Tuesday, August 15, 2006

The Cove

Yesterday, I returned to the scene of a previous night-swim on a truly beautiful evening - green hedgerows framing clear blue skies, the gold-on-gold of evening sun on ripe fields. This being my first daylight visit to the cove, I began with a cliff-top survey. This is (part) of what I saw...

From the sea, the views are, if anything, even better. Rugged cliff faces fall steeply into the sea, their bases riddled with caves and sea arches. My favourite discovery of the evening was the sea arch in the centre of this picture: it leads to a hidden cove with a substantial south-facing shingle beach, almost entirely enclosed by cliffs. From the land, it could only be visited by abseilers, but from the sea, visitors have a choice of two fine arches or one (narrow) open channel. A magical, numinous place.

Outside the cove, wandering among islets and sea stacks, I came across two other swimmers who said they were hunting for crabs; I don't think their prey was in much danger though. The would-be "crab hunts" were armed only with children's hand nets. One of them was trying to dive; I would see the head duck down, followed closely by a disappearing bottom. However, a wet bottom was all that he could manage, and his legs would remain, disembodied, on the surface, thrashing frantically at the air, a little bit like a capsized sheep (well, if sheep were black, bipedal, and could swim).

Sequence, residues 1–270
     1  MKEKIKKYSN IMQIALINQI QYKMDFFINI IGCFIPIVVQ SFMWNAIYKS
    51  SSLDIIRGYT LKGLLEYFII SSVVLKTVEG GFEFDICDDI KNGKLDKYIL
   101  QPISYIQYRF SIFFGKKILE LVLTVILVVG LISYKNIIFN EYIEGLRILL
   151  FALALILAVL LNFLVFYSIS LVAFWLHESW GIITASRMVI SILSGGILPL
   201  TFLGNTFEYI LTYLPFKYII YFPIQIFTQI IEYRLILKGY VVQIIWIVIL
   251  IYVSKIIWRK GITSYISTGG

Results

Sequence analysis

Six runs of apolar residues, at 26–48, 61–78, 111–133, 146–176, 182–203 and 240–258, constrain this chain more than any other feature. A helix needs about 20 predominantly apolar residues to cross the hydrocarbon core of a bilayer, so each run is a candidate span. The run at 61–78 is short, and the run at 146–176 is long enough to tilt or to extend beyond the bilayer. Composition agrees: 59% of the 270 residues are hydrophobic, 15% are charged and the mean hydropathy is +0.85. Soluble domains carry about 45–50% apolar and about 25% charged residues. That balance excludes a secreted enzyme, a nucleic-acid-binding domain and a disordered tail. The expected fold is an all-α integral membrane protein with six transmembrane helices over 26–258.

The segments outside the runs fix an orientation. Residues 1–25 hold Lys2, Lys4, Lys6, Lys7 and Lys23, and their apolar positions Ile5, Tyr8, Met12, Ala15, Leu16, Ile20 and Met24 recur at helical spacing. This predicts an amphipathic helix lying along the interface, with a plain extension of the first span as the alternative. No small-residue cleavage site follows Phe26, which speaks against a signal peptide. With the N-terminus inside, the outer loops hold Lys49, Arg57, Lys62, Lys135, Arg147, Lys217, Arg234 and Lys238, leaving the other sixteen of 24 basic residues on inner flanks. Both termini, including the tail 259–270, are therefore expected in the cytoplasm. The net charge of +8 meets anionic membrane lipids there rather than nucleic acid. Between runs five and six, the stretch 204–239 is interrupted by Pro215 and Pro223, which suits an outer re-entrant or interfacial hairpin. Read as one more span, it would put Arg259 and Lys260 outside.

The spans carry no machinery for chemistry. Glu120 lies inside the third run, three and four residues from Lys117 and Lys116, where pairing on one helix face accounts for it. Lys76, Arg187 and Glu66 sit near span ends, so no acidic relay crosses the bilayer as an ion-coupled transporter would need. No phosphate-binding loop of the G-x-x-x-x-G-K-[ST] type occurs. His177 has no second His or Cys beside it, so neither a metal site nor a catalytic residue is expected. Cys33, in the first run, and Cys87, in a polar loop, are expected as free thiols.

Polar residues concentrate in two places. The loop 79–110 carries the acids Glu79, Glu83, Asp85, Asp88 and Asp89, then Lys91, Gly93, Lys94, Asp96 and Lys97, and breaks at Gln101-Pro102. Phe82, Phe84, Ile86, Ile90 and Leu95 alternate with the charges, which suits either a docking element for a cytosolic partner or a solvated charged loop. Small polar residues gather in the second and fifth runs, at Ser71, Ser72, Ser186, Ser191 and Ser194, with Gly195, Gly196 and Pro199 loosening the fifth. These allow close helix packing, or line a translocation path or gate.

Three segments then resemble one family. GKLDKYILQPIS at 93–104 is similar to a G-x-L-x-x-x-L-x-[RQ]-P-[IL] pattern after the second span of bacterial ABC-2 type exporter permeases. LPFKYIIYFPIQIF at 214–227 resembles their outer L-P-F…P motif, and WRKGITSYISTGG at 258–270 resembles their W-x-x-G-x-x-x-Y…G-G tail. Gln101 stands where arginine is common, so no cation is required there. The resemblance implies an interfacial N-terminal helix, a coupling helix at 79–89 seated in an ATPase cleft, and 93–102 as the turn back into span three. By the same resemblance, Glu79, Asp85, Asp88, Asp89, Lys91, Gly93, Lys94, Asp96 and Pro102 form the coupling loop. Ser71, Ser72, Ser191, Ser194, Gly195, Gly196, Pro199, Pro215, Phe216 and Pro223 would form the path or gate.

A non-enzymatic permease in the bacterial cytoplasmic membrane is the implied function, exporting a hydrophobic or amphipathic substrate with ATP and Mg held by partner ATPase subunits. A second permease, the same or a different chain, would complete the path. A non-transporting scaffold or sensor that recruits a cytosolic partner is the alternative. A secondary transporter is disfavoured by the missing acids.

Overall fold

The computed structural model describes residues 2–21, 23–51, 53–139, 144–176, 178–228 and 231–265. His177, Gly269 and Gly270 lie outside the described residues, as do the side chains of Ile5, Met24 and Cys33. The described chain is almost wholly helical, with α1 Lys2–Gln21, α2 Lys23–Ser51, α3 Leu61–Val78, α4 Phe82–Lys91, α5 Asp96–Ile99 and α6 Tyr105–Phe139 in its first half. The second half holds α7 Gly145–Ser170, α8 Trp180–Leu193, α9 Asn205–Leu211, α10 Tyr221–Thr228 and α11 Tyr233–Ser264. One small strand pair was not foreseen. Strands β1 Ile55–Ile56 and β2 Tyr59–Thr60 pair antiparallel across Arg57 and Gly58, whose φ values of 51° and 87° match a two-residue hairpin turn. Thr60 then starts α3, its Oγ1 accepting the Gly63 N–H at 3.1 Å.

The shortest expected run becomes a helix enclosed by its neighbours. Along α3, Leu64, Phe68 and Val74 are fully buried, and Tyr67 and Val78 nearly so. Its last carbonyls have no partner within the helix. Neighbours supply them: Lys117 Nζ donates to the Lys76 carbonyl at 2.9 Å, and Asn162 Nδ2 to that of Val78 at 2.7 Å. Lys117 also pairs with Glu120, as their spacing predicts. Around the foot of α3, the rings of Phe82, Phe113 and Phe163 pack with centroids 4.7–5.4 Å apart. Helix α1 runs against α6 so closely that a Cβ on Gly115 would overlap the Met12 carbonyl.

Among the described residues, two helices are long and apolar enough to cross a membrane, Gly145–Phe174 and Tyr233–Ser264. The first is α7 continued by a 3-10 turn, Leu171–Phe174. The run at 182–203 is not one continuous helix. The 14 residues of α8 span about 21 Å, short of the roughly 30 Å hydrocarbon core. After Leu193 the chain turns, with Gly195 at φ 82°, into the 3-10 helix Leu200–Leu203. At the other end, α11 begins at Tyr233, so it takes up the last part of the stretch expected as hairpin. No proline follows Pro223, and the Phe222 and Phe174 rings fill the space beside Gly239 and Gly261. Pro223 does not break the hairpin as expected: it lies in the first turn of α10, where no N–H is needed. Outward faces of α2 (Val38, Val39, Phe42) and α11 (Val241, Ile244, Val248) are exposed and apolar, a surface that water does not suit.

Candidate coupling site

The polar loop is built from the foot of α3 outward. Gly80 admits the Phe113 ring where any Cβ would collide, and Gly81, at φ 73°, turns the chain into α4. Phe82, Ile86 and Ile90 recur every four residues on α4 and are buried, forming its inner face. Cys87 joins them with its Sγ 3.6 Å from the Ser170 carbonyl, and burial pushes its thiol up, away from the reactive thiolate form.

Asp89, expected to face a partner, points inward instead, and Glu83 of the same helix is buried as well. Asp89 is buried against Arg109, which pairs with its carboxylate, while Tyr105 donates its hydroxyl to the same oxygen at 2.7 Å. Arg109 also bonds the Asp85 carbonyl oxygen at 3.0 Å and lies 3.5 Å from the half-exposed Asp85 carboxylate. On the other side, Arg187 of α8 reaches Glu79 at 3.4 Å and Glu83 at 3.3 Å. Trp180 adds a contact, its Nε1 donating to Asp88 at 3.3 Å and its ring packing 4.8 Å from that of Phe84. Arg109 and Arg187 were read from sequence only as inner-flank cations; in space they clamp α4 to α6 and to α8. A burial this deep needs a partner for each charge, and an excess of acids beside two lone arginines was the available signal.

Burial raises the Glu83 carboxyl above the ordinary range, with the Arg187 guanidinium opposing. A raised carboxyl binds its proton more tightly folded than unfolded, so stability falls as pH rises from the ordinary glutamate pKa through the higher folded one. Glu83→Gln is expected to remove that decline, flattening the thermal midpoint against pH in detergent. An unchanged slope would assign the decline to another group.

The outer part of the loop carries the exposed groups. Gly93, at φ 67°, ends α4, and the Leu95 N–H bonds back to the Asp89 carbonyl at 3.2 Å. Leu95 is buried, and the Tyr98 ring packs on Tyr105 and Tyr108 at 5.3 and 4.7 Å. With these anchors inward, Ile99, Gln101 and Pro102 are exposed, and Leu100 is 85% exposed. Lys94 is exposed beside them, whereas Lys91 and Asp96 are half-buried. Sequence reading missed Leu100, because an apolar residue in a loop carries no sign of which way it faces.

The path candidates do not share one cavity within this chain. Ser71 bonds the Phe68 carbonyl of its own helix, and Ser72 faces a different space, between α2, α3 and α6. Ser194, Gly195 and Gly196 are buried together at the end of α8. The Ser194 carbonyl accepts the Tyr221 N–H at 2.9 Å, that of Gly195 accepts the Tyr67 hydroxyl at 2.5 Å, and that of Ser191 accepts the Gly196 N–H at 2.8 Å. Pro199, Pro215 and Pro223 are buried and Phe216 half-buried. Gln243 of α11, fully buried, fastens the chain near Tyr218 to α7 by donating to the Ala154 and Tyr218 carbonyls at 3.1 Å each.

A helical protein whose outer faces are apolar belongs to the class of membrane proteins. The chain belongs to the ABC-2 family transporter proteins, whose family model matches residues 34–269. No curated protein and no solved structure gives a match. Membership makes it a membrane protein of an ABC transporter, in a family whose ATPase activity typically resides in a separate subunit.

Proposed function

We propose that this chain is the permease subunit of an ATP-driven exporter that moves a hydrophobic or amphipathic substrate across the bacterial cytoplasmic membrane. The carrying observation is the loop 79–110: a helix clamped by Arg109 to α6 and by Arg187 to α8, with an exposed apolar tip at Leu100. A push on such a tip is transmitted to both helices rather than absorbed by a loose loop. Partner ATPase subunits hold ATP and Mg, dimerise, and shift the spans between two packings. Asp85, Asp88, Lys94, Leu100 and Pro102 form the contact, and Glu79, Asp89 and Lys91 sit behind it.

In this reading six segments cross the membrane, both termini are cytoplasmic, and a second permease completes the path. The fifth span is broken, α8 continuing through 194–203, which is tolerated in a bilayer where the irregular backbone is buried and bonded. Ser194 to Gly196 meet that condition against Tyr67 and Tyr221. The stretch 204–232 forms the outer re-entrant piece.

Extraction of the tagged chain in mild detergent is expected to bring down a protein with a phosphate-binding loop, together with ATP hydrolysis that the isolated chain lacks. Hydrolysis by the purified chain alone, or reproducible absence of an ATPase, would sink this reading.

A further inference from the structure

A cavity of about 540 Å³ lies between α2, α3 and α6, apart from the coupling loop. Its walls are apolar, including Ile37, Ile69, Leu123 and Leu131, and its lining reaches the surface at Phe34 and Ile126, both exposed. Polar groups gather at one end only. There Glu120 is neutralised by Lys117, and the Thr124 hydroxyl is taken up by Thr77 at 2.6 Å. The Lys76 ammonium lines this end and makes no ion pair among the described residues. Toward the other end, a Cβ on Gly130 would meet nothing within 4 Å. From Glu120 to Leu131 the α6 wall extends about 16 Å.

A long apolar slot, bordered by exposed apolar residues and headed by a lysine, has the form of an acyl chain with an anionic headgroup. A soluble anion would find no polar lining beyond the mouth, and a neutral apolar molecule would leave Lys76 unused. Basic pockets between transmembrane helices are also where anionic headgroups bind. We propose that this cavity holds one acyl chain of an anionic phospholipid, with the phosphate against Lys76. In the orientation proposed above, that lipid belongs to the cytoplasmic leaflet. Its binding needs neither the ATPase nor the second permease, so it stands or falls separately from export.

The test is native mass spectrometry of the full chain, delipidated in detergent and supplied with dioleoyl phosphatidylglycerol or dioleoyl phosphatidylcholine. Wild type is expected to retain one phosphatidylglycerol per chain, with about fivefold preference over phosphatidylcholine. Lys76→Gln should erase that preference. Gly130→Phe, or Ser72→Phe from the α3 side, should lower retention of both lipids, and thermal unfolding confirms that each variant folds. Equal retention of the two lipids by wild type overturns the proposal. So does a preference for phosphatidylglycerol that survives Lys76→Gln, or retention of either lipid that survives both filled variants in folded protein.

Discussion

I decided to have a go at crab-diving myself. The bottom was a mixture of bare rock, kelp-beds and white sand, and the water was extremely clear in the sheltered areas - swimming in fifteen or 20 feet (5 - 6.6 metres) of water, the visibility was so good that the sensation of height made me a little dizzy. Finding crabs was very easy - one should look at the edges of the kelp beds, where prospective victims have food, but only imperfect concealment.

Catching them wasn't much harder - I would drop into a vertical dive with only the tiniest splash, and reach "snatching distance" within a few seconds. The crabs turned out to be a fairly combative bunch, stretching their claws up and back in search of the fingers gripping their carapace. They turned out to be smaller than I expected - the water makes everything seem larger and closer - with most of their spiky shells about the size of my hand. The strength of their legs was amazing, though (comparable to human fingers, I think). The largest and most aggressive of the half-dozen which I caught (and released) did manage to make contact with his right nipper: but it closed on thick and nerveless neoprene.